In reply comments filed on April 17, ACA stressed the need and appropriateness for the FCC to address ACA's well-documented concerns about coordinated retransmission consent negotiations in connection with the FCC's ongoing quadrennial review of its media ownership rules and policies. Further, ACA noted that the FCC -- charged by law with promoting competition in local broadcast markets -- should not be distracted by broadcasters' perpetual claims that anticompetitive broadcast practices are a matter solely for the antitrust authorities, even though the stations are FCC licensees.
Given the importance of retransmission consent to broadcasters, now and in the future, the FCC must assess the impact of agreements to coordinate negotiations on local television competition through its traditional attribution analysis. ACA noted that agreements by separately owned same-market stations to coordinate retransmission consent negotiations convey sufficient influence over core operations of a station with respect to finances and programming and therefore may be deemed attributable under the FCC's traditional attribution standard.
Notwithstanding the National Association of Broadcasters' effort to distract the FCC with red herring arguments, local television ownership rules were designed to promote competition in local television markets, and behavior that threatens to harm competition through covert consolidation of stations is an urgent matter for the FCC to resolve. No credible case for delay in addressing collusive broadcaster practices has been presented in the record.
In its comments, ACA underscored that broadcaster assertions about the efficiencies derived from various forms of sharing agreements are totally beside the point. ACA has never disputed that various forms of operational or resource-sharing agreements can be beneficial to broadcast stations. ACA has raised no objections to other forms of resource sharing arrangements among separately owned stations, and takes no position on whether or not such sharing agreements should be attributable on a per se basis. ACA's sole concern has been with the reduction in local competition through agreements to coordinate retransmission consent negotiations, which has de minimis efficiencies compared to the claimed efficiencies involving other forms of sharing arrangements.
ACA's comments detail the need for prompt action to expand the attribution rules in response market developments, including the increasing importance industrywide of retransmission consent fees as a meaningful secondary source of revenue to local television stations; the increasing practice of separately owned same-market television stations coordinating retransmission consent negotiations; and the reduction in competition in designated market areas (DMAs) when separately owned same-market broadcasters coordinate their retransmission consent negotiations.
Today, non-commonly owned television stations in the same market are effectively operating as if commonly owned by agreeing to coordinate their negotiation of retransmission consent with MVPDs, ACA said. The record shows that the practice directly lessens local television competition, evidenced by MVPDs who report paying higher retransmission consent fees to separately owned, same market stations than stations that negotiate separately.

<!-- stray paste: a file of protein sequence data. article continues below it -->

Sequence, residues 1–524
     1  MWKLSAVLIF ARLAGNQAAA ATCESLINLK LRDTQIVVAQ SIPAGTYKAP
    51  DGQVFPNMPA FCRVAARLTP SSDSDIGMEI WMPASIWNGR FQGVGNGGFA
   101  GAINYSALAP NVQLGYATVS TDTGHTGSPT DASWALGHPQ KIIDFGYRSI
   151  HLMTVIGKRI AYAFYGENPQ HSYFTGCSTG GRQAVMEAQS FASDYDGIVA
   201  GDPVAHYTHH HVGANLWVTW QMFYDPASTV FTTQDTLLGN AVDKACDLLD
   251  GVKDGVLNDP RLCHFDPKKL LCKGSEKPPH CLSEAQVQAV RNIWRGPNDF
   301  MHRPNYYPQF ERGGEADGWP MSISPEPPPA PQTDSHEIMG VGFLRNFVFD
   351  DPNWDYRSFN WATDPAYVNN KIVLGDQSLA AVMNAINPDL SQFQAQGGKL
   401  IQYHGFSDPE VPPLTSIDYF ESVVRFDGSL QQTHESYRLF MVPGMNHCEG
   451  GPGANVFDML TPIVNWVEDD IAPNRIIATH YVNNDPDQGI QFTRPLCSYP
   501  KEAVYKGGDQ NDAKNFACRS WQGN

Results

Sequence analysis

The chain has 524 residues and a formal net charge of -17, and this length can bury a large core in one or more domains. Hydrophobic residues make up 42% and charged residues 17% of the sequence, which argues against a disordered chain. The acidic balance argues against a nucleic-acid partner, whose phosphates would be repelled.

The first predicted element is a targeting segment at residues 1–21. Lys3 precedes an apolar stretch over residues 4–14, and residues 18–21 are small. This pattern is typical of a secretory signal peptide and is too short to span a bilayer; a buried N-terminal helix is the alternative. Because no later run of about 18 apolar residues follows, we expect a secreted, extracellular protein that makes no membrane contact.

ACA has placed extensive evidence in the record demonstrating the prevalence of coordinated retransmission consent negotiation by separately owned Big 4 network affiliates located within the same DMA. By engaging in this practice, broadcasters choose not to compete against one another for retransmission consent fees based on the quality of their programming to attract viewers, but instead to secure higher retransmission consent fees through collusion or price fixing. Available empirical evidence demonstrates that when cable operators are forced to negotiate with a single representative for more than one Big 4 affiliate in the same market, the average retransmission consent fees paid are at least 22% higher than the average fees paid to station owners who negotiated separately.
In its comments, ACA confirmed 48 instances in 43 DMAs where separately owned, same market broadcasters have coordinated their retransmission consent negotiations. This evidence demonstrates that negotiating with a single representative for two separately owned stations in the same market is not an uncommon occurrence and is rapidly becoming as frequent as one-to-one negotiations between operators and stations. FCC rules prohibit mergers among the four top-rated stations in a market, which is effectively a proxy for a ban on combinations among stations affiliated with ABC, CBS, NBC and FOX.
"Broadcasters have simply failed to articulate a single compelling reason why the FCC should decline to prohibit collusion among broadcasters in the sale of retransmission consent rights to MVPDs. In our view, the time has come for the FCC to take decisive action to put an end to this anticompetitive practice and restore free market competition to affected markets," Polka said.
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